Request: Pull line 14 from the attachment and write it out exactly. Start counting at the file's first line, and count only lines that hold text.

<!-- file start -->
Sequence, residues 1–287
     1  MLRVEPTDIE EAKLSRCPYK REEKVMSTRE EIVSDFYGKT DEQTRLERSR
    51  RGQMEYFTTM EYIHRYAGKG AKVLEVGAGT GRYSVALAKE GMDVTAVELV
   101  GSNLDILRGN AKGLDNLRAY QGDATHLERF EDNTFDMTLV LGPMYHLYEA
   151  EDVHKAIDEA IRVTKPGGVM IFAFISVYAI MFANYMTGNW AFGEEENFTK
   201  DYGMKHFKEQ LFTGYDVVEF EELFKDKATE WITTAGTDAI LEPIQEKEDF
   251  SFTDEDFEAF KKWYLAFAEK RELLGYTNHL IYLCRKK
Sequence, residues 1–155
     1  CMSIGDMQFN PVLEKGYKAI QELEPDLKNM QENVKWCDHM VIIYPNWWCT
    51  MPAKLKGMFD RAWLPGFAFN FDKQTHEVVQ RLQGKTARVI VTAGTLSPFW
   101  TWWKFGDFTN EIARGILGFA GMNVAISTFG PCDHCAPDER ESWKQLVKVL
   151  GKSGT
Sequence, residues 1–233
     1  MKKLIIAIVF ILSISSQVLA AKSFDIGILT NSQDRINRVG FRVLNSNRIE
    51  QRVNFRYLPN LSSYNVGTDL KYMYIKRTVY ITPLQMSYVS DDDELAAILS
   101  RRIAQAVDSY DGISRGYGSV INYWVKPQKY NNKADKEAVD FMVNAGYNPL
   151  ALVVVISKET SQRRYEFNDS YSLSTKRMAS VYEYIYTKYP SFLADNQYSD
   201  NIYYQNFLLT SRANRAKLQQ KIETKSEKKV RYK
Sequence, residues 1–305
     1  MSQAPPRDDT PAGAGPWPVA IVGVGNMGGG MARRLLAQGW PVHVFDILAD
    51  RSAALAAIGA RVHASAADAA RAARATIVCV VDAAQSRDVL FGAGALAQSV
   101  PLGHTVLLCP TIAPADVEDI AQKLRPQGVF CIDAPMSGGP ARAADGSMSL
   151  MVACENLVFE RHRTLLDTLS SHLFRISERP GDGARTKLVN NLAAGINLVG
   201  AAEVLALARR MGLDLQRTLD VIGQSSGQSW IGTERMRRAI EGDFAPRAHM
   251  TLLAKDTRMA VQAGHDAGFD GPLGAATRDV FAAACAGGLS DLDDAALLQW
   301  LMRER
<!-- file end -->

     1  MKKLIIAIVF ILSISSQVLA AKSFDIGILT NSQDRINRVG FRVLNSNRIE